Move mainframe storage to Azure
To run mainframe workloads on Microsoft Azure, you need to know how your mainframe’s capabilities compare to Azure. The massively scalable storage resources can help organizations begin to modernize without abandoning the applications they rely on.
Azure provides mainframe-like features and storage capacity that is comparable to IBM z14-based systems (the most current model as of this writing). This article tells you how to get comparable results on Azure.
Mainframe storage at a glance
The IBM mainframe characterizes storage in two ways. The first is a direct access storage device (DASD). The second is sequential storage. For managing storage, the mainframe provides the Data Facility Storage Management Subsystem (DFSMS). It manages data access to the various storage devices.
DASD refers to a separate device for secondary (not in-memory) storage that allows a unique address to be used for direct access of data. Originally, the term DASD applied to spinning disks, magnetic drums, or data cells. However, now the term can also apply to solid-state storage devices (SSDs), storage area networks (SANs), network attached storage (NAS), and optical drives. For the purposes of this document, DASD refers to spinning disks, SANs, and SSDs.
In contrast to DASD storage, sequential storage on a mainframe refers to devices like tape drives where data is accessed from a starting point, then read or written in a line.
Storage devices are typically attached using a fiber connection (FICON) or are accessed directly on the mainframe’s IO bus using HiperSockets, an IBM technology for high-speed communications between partitions on a server with a hypervisor.
Most mainframe systems separate storage into two types:
Online storage (also know as hot storage) is needed for daily operations. DASD storage is usually used for this purpose. However, sequential storage, such as daily tape backups (logical or physical), can also be used for this purpose.
Archive storage (also known as cold storage) is not guaranteed to be mounted at a given time. Instead, it is mounted and accessed as needed. Archive storage is often implemented using sequential tape backups (logical or physical) for storage.
Mainframe versus IO latency and IOPS
Mainframes are often used for applications that require high performance IO and low IO latency. They can do this using the FICON connections to IO devices and HiperSockets. When HiperSockets are used to connect applications and devices directly to a mainframe’s IO channel, latency in the microseconds can be achieved.
Azure storage at a glance
Azure infrastructure-as-a-service (IaaS) options for storage provide comparable mainframe capacity.
Microsoft offers petabytes worth of storage for applications hosted in Azure, and you have several storage options. These range from SSD storage for high performance to low-cost blob storage for mass storage and archives. Additionally, Azure provides a data redundancy option for storage—something that takes more effort to set up in a mainframe environment.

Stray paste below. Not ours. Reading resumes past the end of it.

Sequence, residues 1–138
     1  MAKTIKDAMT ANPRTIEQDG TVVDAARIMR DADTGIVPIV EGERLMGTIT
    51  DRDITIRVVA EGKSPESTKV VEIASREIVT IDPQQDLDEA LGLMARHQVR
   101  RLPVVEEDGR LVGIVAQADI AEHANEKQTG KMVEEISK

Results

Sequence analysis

Azure storage is available as Azure Disks, Azure Files, and Azure Blobs as the following table summarizes. Learn more about when to use each.
|Type||Description||Use when you want to:|
|Azure Files||Provides an SMB interface, client libraries, and a REST interface that allows access from anywhere to stored files.||
|Azure Blobs||Provides client libraries and a REST interface that allows unstructured data to be stored and accessed at a massive scale in block blobs. Also supports Azure Data Lake Storage Gen2 for enterprise big data analytics solutions.||
|Azure Disks||Provides client libraries and a REST interface that allows data to be persistently stored and accessed from an attached virtual hard disk.||
Azure hot (online) and cold (archive) storage
The type of storage for a given system depends on the requirements of the system, including storage size, throughput, and IOPS. For DASD-type storage on a mainframe, applications on Azure typically use Azure Disks drive storage instead. For mainframe archive storage, blob storage is used on Azure.
SSDs provide the highest storage performance on Azure. The following options are available (as of the writing of this document):
|Ultra SSD||4 GB to 64 TB||1,200 to 160,000 IOPS|
|Premium SSD||32 GB to 32 TB||12 to 15,000 IOPS|
|Standard SSD||32 GB to 32 TB||12 to 2,000 IOPS|
Blob storage provides the largest volume of storage on Azure. In addition to storage size, Azure offers both managed and unmanaged storage. With managed storage, Azure takes care of managing the underlying storage accounts. With unmanaged storage, the user takes responsibility for setting up Azure storage accounts of the appropriate size to meet the storage requirements.
- Mainframe migration
- Mainframe rehosting on Azure Virtual Machines
- Move mainframe compute to Azure
- Deciding when to use Azure Blobs, Azure Files, or Azure Disks
- Standard SSD Managed Disks for Azure VM workloads
- Parallel Sysplex on IBM Z
- IBM CICS and the Coupling Facility: Beyond the Basics
- Creating required users for a Db2 pureScale Feature installation
- Db2icrt - Create instance command
- Db2 pureScale Clustered Database Solution
- IBM Data Studio
More migration resources
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